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Computers: Tools for an Information Age

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  1. Computers:Tools for an Information Age Writing Your Own Web Page: Using HTML and Web Authoring Tools

  2. Objectives • Identify the hardware and software required to write, test, and execute a web page • Describe how HTML tags are used to format Web pages • Discuss the benefits of using Web page authoring software • Describe how FrontPage can be used to write a web page.

  3. World Wide Web • Provides multimedia communication over the Internet • HTML drives the web • HyperText Markup Language • The language of browsers

  4. HTML: HyperText Markup Language • HyperText • Active text • Link • Clicking causes an action • Markup Language • Tags indicate formatting and document structure • Source is processed by a program that understands the tags and formats the page

  5. Preparing a Web Page • Writing vehicle • Programming in HTML • Authoring software • Browser • Test the code locally • Test the code on the server • Server • Test links to other sites • Store your published site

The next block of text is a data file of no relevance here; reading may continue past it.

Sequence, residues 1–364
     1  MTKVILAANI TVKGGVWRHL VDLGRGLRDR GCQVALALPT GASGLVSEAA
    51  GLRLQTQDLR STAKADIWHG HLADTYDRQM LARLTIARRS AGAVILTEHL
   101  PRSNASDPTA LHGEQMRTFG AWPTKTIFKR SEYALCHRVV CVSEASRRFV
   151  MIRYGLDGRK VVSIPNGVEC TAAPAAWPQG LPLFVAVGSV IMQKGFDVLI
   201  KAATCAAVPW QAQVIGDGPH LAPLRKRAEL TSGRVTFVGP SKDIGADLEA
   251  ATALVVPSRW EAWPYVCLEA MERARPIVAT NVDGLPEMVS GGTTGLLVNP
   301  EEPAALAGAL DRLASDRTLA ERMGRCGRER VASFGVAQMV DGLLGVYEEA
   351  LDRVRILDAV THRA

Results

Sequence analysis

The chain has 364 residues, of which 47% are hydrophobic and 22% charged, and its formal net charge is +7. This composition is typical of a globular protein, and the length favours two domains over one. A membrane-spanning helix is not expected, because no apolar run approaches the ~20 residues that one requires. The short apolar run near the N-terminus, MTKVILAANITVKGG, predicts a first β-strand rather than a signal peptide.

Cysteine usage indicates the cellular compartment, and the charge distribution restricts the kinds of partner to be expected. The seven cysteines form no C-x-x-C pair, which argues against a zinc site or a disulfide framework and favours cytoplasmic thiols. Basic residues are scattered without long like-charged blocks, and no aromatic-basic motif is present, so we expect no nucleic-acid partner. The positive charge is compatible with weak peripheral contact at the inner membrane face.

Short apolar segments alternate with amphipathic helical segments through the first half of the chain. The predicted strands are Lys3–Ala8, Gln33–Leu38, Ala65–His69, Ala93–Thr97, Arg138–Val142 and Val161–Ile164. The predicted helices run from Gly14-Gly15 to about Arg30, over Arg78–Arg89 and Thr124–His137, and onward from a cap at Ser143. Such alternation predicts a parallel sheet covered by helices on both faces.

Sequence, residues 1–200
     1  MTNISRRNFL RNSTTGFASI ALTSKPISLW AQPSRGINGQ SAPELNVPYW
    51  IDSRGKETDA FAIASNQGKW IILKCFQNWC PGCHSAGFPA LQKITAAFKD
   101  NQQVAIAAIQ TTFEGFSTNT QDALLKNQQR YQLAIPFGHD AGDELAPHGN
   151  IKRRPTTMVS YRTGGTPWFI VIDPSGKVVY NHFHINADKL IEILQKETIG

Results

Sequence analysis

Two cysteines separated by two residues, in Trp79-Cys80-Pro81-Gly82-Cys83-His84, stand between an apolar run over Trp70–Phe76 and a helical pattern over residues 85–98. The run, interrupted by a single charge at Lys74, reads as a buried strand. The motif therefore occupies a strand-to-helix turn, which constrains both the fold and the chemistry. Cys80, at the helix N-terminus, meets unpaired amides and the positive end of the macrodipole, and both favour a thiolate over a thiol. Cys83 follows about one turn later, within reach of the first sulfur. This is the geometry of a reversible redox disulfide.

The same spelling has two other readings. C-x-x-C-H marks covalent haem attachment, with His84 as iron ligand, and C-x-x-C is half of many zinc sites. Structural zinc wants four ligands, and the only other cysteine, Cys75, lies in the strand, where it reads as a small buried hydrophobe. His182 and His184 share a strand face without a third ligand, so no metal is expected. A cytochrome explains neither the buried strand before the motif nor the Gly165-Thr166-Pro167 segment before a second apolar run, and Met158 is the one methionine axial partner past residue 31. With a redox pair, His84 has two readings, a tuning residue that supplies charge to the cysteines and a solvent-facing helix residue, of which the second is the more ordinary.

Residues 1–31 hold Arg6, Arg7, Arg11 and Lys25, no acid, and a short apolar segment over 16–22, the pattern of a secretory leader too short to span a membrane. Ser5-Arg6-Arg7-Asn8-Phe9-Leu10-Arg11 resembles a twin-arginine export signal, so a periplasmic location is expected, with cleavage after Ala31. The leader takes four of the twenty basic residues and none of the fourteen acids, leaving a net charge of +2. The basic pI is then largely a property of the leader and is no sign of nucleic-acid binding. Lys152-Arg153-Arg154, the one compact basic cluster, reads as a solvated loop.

6. Programming in HTML • Type tags into a text file (Notepad) • HTML editor • HTML code must be saved with .html extension

  7. Authoring Software • WYSIWYG • “What You See Is What You Get” • Create web page visually • HTML code is generated automatically

  8. Preparing a Web Page: Process • Use writing vehicle to create web site pages • Test locally using the browser • Connect to Internet using your browser • Test the links to other sites • ‘Publish’ the site to your server • Test the site by accessing from the server

  9. HTML: Basic Tags • Tag – tells browser how to display the information provided • Enclosed in angle brackets < > • Generally used in pairs • Open tag • Closing tag – same tag with ‘/’ in front • Can nest tags • Tags cannot overlap

  10. HTML: Document Tags <HTML> … </HTML> Beginning and end of every HTML document <HEAD> … </HEAD> Contains information about the document including the title that is to appear in the title bar <BODY> … </BODY> All content for the page is placed between these tags

  11. HTML: Basic Tags <HTML> <HEAD> </HEAD> <BODY> </BODY> </HTML> If you view this from the browser, you will see a blank page

  12. HTML: Basic Tags <TITLE> … </TITLE> Causes the page title to be displayed in the title bar Place in the heading section between <HEAD> … </HEAD>

  13. HTML: Basic Tags Add content between <BODY> … </BODY> Text Structure Tags Headings Paragraphs Lists Images